While technology pushes forward, there is a rising trend of cod fishermen off the coast of Fogo Island using traditional fishing methods that date back to the 1600s. Director Justin Simms showcases these methods and the move towards sustainability in his short HAND.LINE.COD. Simms answered a few questions about his short and the positive outcome of the methods shown. The short screens as part of Short Cuts Programme 10 at TIFF 2016.
Describe your film in 10 words or less.
Fishers on Fogo Island engage in a secret mission.
What inspired you to make this film?
Admiration for the people creating the Fogo initiative. I believe in their cause, a more sustainable method of fishing. It seems so simple from the outside, but they’re actually providing a roadmap that could, theoretically, have positive implications globally.
What was the best thing about production? Most challenging?
Being on the ocean with the fishers was the best part. Seeing first-hand how gruelling and brave what they do is. And how they do it with such grace, and wit. It was truly a privilege to be out there. I certainly hope audiences feel that too– the visceral thrill of being in the boats.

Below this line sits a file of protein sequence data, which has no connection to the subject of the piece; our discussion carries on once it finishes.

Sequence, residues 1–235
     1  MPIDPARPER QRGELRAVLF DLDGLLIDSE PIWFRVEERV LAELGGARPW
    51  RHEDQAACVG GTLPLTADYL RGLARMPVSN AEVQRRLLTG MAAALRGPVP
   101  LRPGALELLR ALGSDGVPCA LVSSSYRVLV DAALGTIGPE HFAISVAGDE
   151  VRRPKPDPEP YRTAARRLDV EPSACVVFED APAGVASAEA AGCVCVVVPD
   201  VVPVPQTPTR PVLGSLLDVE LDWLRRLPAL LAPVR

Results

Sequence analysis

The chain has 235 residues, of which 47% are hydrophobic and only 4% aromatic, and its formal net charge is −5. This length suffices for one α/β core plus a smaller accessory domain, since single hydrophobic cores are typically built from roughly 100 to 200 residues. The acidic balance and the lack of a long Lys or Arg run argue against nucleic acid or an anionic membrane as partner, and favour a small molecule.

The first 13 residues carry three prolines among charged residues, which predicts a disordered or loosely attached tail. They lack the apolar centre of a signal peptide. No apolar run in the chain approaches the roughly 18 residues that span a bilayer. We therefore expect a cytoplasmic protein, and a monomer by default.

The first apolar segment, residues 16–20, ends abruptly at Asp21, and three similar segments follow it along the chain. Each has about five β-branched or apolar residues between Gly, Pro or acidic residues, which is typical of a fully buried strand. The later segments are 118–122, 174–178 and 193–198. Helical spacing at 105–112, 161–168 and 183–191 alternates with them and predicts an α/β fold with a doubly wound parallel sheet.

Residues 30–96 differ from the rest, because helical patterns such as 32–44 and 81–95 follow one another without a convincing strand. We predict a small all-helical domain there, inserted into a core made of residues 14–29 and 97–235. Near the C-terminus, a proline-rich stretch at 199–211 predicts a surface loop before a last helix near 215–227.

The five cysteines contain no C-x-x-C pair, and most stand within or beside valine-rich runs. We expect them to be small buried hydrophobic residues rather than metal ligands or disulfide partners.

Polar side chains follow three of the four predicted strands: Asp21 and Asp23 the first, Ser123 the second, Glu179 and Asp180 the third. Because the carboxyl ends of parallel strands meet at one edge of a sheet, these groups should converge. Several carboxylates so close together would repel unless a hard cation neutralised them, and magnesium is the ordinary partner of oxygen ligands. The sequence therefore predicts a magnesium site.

Although technology continues to move ahead, do you think a demand for more natural methods, like those shown in your film, will continue to grow in popularity?
As long as they can be profitable, yes. That’s the key to these old-school, more sustainable methods: maintaining growth. The products have to be good products of course, but as the world has shown us over and over, that’s not enough. They have to be economically viable as well.
What’s the one thing you want people to know about your film?
It was shot with just a two-person crew, myself and D.O.P. Andrew MacCormack.
What will you be working on next?
I’m finishing a six-part anthology series for the web called Sex in Cars.
Your film is screening at TIFF. What are you most excited about seeing or doing at this year’s festival?
My favourite thing to do at TIFF is to see films. Especially Canadian and international stuff. Two genres we get painfully little of in Atlantic Canada.